With that said, I have a fairly technical question about IAQ.


    I am the facility manager for a museum in Chicago. The building has VERY tight parameters that mus be met, e.g. 46-50%RH and 68-72degrees.

    The main problem I'm having is the building static pressure sensor controls the Outdoor Air Dampers. The sensor is all over the place with it's readings, and most days the readings indicate that the building is in a negative pressure, although I don't believe this to be the case.

    I've seen quite a few things about how to measure the building static pressure, but it seems that one end of the manometer tubing tests outside, while simultaneously checking the inside of the facility with the other end. I've done "before coil, after coil" tests to see the condition of the coil, but this is the first time that I've been in the position of being responsible for building static pressure, and how it's supposed to be read.

    I have about 8 years of in the field HVAC experience, mostly commercial.

    With all that said, here are my problems:

    - Building Static Pressure = (-).25 most of the time
    - OAD = 100% open most of the time
    - RAD = vary with operation, but (OAD + RAD = value not always 100+%). The OAD and RAD(or mixed air damper) are separate entities.
    - Condensation collecting inside OAD duct work, right near register on outside of building. (rain isn't possible)

    What I think:
    - What I think is happening is that the static sensor is causing the building to become over-pressurized, and the over-pressurized air in the building is leaking outward(somewhat) through the OAD ductwork...at 68-70 degrees and 45-47%RH. Because my return air is 68, with this humidity, and it's 30 degrees outside...(insert psychometric chart)I feel that i'm hitting saturation point within the OAD duct work and my 45RH% is increasing to 100% with the temperature drop...leaving the condensation in the duct work right outside the OAD register.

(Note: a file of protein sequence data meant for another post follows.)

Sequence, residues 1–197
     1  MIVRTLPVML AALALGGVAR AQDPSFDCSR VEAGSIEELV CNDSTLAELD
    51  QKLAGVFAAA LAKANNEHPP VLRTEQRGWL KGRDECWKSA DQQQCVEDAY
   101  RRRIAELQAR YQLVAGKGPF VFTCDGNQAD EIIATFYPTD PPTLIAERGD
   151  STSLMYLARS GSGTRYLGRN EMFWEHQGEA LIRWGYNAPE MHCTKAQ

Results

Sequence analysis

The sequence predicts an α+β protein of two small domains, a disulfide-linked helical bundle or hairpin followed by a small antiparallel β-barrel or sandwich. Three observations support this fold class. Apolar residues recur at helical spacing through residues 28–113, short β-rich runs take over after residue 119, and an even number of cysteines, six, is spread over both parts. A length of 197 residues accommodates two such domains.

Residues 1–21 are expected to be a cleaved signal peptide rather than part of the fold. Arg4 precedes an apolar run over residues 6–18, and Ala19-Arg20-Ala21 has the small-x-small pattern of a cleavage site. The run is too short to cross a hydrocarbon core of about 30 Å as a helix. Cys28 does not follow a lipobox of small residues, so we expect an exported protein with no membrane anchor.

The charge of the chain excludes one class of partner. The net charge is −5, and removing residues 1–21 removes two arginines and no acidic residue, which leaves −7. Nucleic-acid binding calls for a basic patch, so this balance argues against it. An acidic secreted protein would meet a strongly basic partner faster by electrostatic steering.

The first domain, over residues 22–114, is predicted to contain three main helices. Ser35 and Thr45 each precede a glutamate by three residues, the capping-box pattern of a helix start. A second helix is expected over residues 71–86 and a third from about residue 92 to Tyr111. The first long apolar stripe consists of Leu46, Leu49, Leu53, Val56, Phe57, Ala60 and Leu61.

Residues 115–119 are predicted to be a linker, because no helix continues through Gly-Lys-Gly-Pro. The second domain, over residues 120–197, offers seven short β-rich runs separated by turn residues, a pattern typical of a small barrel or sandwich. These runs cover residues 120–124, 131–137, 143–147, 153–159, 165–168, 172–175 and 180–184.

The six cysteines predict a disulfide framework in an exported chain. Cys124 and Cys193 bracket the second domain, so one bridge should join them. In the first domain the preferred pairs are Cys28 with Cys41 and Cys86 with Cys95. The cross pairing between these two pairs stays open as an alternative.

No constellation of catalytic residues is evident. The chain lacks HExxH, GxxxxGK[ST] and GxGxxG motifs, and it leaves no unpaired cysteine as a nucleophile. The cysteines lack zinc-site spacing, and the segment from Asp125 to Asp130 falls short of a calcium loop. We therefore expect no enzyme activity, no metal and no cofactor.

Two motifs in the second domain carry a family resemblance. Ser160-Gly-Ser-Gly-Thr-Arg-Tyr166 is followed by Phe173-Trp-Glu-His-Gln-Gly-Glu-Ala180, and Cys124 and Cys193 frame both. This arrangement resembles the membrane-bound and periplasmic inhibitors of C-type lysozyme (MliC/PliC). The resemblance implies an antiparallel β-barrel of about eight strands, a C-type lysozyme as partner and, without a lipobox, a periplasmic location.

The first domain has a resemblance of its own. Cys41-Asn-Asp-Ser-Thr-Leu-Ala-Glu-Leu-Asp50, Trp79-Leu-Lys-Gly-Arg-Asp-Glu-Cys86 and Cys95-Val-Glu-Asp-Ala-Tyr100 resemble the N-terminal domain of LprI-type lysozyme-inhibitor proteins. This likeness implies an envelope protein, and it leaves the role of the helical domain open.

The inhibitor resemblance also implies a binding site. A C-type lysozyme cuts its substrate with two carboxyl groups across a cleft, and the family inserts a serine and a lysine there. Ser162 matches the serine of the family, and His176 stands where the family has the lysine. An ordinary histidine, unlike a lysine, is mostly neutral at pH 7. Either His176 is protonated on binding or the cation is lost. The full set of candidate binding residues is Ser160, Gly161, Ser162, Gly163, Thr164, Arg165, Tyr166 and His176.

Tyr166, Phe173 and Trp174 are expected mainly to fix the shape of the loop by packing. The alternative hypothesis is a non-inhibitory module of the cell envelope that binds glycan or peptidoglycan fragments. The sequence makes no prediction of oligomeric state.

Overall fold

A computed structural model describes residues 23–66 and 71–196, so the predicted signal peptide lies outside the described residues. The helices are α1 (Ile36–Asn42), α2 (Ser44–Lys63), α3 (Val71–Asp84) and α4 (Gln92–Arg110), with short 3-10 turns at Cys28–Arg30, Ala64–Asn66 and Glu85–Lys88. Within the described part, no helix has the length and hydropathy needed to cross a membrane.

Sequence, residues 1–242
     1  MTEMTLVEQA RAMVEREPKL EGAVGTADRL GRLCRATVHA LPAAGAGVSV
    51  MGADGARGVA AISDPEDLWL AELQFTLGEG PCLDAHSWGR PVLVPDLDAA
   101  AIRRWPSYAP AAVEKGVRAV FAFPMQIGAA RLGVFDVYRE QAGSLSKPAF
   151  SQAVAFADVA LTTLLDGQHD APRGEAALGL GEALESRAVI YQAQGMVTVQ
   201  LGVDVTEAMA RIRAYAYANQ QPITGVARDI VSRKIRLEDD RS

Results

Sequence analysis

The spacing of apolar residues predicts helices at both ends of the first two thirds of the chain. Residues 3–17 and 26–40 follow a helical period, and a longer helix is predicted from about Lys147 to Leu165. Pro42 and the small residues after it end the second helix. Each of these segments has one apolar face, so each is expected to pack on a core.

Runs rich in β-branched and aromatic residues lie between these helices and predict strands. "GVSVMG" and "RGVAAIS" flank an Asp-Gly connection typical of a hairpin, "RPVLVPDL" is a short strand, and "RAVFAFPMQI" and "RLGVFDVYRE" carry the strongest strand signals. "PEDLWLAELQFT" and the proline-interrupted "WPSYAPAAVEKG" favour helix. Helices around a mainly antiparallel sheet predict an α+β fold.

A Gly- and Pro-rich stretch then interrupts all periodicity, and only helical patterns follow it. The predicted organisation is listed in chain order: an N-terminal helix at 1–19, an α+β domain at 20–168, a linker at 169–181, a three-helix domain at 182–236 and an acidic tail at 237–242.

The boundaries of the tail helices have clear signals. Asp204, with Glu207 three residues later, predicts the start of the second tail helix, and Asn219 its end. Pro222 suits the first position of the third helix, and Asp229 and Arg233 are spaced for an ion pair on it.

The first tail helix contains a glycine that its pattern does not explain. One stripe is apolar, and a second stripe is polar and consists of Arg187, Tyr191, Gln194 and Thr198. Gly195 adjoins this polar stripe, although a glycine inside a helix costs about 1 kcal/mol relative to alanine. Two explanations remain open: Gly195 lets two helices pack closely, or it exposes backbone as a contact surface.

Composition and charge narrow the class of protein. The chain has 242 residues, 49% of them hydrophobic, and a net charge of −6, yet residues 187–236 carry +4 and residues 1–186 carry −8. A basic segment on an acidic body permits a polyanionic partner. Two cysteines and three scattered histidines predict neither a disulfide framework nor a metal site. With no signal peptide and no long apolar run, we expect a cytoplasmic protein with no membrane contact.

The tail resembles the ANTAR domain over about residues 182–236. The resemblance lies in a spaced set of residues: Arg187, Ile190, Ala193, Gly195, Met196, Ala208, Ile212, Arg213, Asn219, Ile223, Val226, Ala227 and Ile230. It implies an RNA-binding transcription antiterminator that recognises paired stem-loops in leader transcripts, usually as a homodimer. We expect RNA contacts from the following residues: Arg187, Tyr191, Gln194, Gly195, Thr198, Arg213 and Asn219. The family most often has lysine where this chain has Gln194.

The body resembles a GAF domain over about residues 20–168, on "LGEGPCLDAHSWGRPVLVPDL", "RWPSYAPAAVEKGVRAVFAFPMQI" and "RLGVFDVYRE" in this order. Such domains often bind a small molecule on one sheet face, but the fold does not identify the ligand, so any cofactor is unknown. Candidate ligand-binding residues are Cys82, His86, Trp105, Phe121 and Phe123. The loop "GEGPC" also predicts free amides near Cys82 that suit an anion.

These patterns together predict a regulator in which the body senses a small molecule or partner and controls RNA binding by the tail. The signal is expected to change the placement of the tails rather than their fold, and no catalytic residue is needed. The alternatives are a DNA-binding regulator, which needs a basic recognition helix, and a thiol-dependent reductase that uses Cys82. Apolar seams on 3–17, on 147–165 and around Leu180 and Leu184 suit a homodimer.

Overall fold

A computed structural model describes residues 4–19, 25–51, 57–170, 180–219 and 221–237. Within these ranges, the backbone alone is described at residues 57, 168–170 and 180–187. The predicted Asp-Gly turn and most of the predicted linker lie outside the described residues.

Any threads already made on this, or does anyone have any ideas for me?

    Cheers,
    Effort
    If you were a real tech, you'd solder a relay on that board and call it good to go.

    I do a triple evac with nitro to remove non condensables.

    I use 56% silver on everything except steel.

  10. #10
    Join Date
    May 2014
    Location
    Bay Area California
    Posts
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    Name:  20150728_123620.jpg
Views: 90
Size:  85.3 KB
    If you were a real tech, you'd solder a relay on that board and call it good to go.

    I do a triple evac with nitro to remove non condensables.

    I use 56% silver on everything except steel.

  11. #11
    Join Date
    May 2019
    Posts
    1
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  12. #12
    Join Date
    May 2014
    Location
    Bay Area California
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    Welcome aboard. Please chime in when you have something to contribute.


    Quote Originally Posted by Too_Many_BAS' View Post
    If you were a real tech, you'd solder a relay on that board and call it good to go.

    I do a triple evac with nitro to remove non condensables.

    I use 56% silver on everything except steel.

  13. #13
    Join Date
    Apr 2003
    Location
    St. Louis
    Posts
    1,047
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    Quote Originally Posted by WAYNE3298 View Post
    The screw ups I have seen like this were design errors. A control tech that knows his stuff is the best bet. A good balance contractor and engineer should also be involved. He doesn't need an engineer to correct the bogus building pressure measurement. That is a maintenance sue.
    It might be a maintenance issue if the building was commissioned, equipment wasn't added or removed, if someone played with fan speed or dampers. Something changed and if they didn't and was having this problem from day one the mechanical engineer should of been brought in.